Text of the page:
The floor isn’t usually something that grabs your attention—let alone alarms you—when you enter an art exhibit. But the yellow dots beneath your feet at Legacies of War might inspire a double take when you are prompted to imagine that they are bombs, posing the threat of detonation at any moment.
Intermedia Arts, Pangea World Theater, and the Lao Assistance Center collaborated to create Legacies of War, currently on display at Intermedia Arts. Curated by Malichansouk Kouanchao, the art exhibit opened on September 30 and runs through October 24.
Presented in conjunction with the Refugee Nation touring performance, Legacies of War succeeds in achieving its mission “to raise awareness about the history of the Vietnam War era bombing in Laos and advocate for the clearance of unexploded bombs, to provide space for healing the wounds of war, and to create greater hope for a future of peace.” The exhibit is an overdue acknowledgment of the tragedy of the U.S. bombings during the Secret War that drove many Laotian refugees to leave their homelands, and haunts them to this day.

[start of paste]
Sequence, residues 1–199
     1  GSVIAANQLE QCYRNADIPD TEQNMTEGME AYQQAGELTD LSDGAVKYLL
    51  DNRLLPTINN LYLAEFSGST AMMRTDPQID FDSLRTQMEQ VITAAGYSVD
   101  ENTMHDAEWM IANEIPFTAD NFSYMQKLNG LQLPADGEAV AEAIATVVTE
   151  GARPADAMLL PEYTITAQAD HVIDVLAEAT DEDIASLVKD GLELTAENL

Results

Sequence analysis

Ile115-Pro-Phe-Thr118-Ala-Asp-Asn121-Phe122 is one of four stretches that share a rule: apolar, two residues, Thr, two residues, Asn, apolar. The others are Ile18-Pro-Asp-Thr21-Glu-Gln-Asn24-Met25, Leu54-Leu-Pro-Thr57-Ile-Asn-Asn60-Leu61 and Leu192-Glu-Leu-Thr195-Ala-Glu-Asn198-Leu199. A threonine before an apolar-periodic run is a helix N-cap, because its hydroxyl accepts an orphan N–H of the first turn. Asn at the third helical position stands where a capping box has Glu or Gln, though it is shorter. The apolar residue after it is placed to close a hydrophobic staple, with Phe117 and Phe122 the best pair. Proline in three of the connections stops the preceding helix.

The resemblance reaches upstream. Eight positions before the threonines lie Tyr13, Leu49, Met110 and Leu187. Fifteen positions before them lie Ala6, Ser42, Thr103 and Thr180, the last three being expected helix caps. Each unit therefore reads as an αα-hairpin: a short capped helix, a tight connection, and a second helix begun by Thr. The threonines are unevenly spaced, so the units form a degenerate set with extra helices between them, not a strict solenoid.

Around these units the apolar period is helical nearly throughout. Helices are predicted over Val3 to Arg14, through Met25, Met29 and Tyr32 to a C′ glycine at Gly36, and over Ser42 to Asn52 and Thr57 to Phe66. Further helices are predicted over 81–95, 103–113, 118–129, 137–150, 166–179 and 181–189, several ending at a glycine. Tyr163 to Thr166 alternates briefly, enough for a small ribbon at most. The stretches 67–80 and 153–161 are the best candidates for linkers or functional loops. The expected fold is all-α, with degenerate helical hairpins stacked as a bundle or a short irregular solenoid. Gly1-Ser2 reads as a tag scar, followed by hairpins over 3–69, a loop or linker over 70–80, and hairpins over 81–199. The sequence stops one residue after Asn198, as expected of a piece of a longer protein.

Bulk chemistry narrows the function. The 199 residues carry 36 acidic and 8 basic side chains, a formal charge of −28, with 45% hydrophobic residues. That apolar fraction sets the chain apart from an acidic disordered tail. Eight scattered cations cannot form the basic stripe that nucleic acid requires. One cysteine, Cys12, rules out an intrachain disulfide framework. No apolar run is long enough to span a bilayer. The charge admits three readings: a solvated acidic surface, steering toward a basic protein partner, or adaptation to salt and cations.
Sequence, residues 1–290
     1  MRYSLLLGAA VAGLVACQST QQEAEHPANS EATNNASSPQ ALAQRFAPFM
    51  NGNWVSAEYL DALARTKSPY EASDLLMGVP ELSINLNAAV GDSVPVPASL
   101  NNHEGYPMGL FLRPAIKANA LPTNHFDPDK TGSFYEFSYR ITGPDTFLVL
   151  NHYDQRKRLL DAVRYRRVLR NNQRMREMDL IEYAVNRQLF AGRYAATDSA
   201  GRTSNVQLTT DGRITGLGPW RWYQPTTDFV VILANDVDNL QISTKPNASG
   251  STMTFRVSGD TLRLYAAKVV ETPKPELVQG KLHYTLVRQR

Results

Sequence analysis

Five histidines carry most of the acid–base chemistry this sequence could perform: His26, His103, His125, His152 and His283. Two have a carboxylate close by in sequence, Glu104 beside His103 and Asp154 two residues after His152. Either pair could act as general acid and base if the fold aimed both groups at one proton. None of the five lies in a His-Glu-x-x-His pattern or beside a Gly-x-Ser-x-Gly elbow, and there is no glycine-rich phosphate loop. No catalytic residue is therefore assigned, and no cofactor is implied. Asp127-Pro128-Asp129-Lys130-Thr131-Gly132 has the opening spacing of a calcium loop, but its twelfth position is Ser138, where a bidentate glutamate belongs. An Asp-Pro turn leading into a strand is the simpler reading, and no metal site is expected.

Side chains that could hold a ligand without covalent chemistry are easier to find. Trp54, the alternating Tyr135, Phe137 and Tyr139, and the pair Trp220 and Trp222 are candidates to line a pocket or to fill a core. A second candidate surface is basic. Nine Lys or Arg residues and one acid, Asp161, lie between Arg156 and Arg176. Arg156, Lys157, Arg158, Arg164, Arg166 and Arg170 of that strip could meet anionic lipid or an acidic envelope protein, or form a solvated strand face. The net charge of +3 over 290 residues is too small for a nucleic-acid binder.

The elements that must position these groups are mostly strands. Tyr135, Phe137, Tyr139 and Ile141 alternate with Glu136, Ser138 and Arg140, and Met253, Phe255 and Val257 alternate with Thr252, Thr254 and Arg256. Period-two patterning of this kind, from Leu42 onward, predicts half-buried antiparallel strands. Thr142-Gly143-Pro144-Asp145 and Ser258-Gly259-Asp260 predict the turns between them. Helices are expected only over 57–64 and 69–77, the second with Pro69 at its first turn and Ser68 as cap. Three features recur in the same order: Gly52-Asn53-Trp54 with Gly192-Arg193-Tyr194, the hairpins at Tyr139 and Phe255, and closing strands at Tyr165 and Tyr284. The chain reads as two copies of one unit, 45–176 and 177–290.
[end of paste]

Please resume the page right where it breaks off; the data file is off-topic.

Legacies of War uses photographs, letters, and drawings created by Laotian refugees as tools to tell the story of the trauma they’ve experienced. Viewing these products of Laotian refugees’ attempts to communicate the tragedies they experienced in their home country evokes deep sympathy. You can’t help but imagine yourself in the shoes of those who endured the Secret War firsthand upon learning that Minnesota harbors the third largest Laotian population in the United States. Furthermore, the irony in discovering that many of the bombs used in what remains the most torrential bombing to ravage any nation in the world were manufactured in Minnesota strikes a chord. Stamped with the words “made in Minnesota,” many of these undetonated devices remain a hazard in the daily lives of Laotian civilians.
Legacies of War goes beyond eye-opening depictions, introducing you to the horrific events endured by your fellow Minnesota residents and suppressed in their own minds for decades.